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"When we don't teach our children to sing, they grow up to be moms and dads who don't sing. In 20 years we have a church full of people who don't sing. Mike Harland, director of LifeWay Worship, issues a compelling call to church leaders to rethink the importance of children's and youth music programs..." (Read more)
A Word from the Pastor - March 2015
Last month I shared with you a survey done by Dr. Thom S. Rainer where he noted ten reasons why people chose not to return to a particular church. This month I want to focus a little more on the number one reason, “Having a stand up and greet one another time in the worship service.”
Many of the people who responded to the survey really do not like the stand and greet time. The following are some of the comments shared with Dr. Rainer:
“The meet and greet or the sign of peace or whatever your denomination may call it, it's all the same – a personal, psycho-contrived exercise that is not only too MUCH, but too SOON.”
“As a shy introvert, a stand up meet and greet sounds terrifying. Please let me attend the service without having to do this. I can meet people afterwards if I'd like.”
“As a visitor to a new church, I can't honestly say I've NEVER enjoyed, or seen the point, in a meet and great period. First of all, I'm an introvert and having a bunch of strangers come up to me all at once expecting to shake my hand and get my name and ask whether I've been there before and so on doesn't feel friendly and inviting, it feels forced and uncomfortable and overwhelming.”
“This is actually the reason my wife and I left a church and didn't come back. I have crazy allergies certain times of the year, and I adjust by sitting in the back so if I have a crazy sneezing fit or something I can duck out quietly, use the restroom, and make my way back in without disturbing other people in the service. Well I did that at a new church, and they didn't want to let me back in. I would've just walked out, except my wife was still in the service.”
“Sometimes I've been late on purpose to avoid the forced friendliness and physical contact with strangers – especially during cold and flu season.”
“Ditch greet time; just get on with the service.”
“It's not that I don't want to participate in a meaningless, obligatory greeting; it's just that I don't want to participate in a meaningless and obligatory greeting.”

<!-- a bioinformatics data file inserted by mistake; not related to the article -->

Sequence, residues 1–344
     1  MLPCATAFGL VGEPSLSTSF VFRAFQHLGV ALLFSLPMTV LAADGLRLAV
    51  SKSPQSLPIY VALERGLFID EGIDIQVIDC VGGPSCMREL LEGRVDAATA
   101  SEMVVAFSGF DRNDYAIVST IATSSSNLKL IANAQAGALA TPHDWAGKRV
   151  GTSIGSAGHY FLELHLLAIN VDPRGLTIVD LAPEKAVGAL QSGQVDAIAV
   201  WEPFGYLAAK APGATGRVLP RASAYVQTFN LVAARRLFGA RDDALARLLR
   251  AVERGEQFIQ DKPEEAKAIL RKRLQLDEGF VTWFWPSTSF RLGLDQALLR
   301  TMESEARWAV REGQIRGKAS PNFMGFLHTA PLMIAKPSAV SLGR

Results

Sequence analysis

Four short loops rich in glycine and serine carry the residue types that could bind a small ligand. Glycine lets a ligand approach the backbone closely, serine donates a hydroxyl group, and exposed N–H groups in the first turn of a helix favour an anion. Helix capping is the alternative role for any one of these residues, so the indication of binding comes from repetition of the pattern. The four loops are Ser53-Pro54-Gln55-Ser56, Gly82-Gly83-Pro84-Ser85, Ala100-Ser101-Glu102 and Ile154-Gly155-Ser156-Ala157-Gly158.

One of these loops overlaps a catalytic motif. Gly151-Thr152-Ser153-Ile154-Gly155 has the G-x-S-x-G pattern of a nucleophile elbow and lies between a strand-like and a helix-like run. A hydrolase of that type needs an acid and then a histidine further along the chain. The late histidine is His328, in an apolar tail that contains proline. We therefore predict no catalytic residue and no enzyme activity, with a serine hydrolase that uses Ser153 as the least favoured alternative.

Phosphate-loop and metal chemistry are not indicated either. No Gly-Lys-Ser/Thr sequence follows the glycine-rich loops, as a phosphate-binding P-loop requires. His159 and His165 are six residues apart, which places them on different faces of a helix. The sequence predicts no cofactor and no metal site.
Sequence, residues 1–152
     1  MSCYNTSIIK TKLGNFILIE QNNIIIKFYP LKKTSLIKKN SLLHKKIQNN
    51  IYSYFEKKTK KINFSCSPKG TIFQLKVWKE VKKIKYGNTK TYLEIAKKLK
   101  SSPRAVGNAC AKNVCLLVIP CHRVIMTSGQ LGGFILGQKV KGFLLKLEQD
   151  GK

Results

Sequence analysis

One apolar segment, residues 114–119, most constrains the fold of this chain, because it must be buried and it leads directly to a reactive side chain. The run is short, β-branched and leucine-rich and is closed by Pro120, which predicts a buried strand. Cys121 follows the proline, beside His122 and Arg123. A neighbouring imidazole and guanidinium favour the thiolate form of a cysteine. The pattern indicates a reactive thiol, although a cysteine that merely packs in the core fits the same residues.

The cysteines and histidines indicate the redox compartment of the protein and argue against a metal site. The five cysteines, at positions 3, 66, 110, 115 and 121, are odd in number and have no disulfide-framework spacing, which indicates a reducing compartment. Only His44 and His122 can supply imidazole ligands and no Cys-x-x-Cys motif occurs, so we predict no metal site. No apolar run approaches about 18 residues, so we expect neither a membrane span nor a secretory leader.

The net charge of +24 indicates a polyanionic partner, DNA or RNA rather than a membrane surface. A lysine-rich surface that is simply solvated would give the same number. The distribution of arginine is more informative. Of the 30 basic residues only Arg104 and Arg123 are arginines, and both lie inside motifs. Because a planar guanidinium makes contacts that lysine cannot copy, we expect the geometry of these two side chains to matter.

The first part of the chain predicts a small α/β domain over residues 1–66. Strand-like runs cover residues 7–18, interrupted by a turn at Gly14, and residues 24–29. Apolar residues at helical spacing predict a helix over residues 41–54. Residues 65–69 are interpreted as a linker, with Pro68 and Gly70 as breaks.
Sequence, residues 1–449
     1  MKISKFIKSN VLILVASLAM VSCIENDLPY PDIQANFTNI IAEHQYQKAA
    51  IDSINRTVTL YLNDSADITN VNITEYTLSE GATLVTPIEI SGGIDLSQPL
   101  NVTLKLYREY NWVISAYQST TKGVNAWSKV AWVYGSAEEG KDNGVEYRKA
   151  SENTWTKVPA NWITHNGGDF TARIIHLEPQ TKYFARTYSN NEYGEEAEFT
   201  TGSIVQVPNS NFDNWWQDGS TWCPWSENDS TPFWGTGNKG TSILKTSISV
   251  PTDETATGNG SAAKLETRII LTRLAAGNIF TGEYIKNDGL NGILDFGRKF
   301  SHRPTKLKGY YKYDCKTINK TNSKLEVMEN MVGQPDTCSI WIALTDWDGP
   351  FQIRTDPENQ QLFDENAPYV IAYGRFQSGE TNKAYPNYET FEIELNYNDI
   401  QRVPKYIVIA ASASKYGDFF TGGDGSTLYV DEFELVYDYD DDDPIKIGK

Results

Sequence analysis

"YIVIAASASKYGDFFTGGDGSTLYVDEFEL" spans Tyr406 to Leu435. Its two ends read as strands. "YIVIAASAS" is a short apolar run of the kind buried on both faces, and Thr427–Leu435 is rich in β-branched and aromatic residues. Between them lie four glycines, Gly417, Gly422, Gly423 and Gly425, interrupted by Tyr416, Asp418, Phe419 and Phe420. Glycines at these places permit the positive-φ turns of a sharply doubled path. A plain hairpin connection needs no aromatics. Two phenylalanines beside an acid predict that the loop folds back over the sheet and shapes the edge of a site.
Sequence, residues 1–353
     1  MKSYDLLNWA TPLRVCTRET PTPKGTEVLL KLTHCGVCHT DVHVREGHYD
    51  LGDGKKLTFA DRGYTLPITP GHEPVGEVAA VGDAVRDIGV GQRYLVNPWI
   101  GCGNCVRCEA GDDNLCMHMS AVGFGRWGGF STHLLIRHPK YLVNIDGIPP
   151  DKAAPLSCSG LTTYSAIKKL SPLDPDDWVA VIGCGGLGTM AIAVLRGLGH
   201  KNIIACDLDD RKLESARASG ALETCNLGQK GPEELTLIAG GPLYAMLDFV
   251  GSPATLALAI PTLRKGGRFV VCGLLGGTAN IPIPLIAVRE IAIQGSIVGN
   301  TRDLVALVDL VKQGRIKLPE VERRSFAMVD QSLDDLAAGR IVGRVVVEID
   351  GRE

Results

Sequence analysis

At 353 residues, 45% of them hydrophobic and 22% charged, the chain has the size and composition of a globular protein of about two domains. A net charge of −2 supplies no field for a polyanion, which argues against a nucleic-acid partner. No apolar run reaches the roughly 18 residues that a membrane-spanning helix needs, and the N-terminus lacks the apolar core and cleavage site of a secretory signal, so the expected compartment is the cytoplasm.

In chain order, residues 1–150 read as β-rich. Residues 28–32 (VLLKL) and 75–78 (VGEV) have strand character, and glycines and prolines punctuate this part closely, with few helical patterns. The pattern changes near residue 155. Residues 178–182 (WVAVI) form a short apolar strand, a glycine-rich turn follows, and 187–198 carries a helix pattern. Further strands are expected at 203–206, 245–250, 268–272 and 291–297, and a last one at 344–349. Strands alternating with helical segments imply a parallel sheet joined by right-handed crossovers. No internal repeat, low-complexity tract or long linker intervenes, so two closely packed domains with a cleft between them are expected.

“As an introverted first time guest, this moment can be extremely stressful–even if everyone you meet is very friendly and sincere.”
“Many times we have stood in a church, where it is obvious that we are the only visitors present, and had no one greet us. It is a bit like crashing a family reunion at that point.”
“I'm nowhere near an introvert but the most awkward part of the service for me is the greet your neighbors... one church we attended had a 5 good minutes of meeting those sitting around you... our family who was very new to the church called it 5 awkward minutes. I just don't understand how shaking a strangers hand makes for community?! Honestly I'd rather not!”
“To this day I continue to dread the mid-service 'stand up and greet the person next to you' time. I'm guessing extroverts and old-timers just don't get how unhelpful of a practice it is.”
“I've gotten up and walked out of churches that do the 'let's meet the visitors' thing.”
“I am not one to feel comfortable in the spotlight and literally everyone in the congregation smelled new blood and cornered me before I could make an exit.”
I know for some of you this is an important time, and it may hurt to hear such comments, but I have been pastor of enough churches and talked to enough visitors to know it is true. The more effective way to make people feel at home is to greet them without being prompted. When you see someone you do not know, go over to them and introduce yourself to them. Ask them if they are a member here. Ask them if they are a guest. Invite them to go to Bible study with you. When you get to your Sunday School class, introduce them to the class. If we are going to grow as a church, we need to move outside of our comfort zone and outside of our circle of friends to make them feel welcome. It may be awkward and uncomfortable at first, but you will get better at it the more you do it.
Music & Children Notes
Dear brothers and sisters,
This month is short and sweet:
That's all I have for now. Be in prayer about how you can be available to serve with us in any of these areas—children, music/worship class, choir, etc.